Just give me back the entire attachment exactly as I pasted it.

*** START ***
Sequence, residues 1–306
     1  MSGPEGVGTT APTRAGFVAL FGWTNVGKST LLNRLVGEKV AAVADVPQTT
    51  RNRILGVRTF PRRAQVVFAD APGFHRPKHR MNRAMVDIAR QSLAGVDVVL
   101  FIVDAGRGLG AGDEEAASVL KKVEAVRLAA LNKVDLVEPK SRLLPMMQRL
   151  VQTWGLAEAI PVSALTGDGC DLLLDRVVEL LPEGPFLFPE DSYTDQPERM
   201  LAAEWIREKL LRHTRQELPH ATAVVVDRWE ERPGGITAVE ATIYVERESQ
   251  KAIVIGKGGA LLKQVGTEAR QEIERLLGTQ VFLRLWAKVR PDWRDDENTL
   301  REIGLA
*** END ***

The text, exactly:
Sequence, residues 1–306
     1  MSGPEGVGTT APTRAGFVAL FGWTNVGKST LLNRLVGEKV AAVADVPQTT
    51  RNRILGVRTF PRRAQVVFAD APGFHRPKHR MNRAMVDIAR QSLAGVDVVL
   101  FIVDAGRGLG AGDEEAASVL KKVEAVRLAA LNKVDLVEPK SRLLPMMQRL
   151  VQTWGLAEAI PVSALTGDGC DLLLDRVVEL LPEGPFLFPE DSYTDQPERM
   201  LAAEWIREKL LRHTRQELPH ATAVVVDRWE ERPGGITAVE ATIYVERESQ
   251  KAIVIGKGGA LLKQVGTEAR QEIERLLGTQ VFLRLWAKVR PDWRDDENTL
   301  REIGLA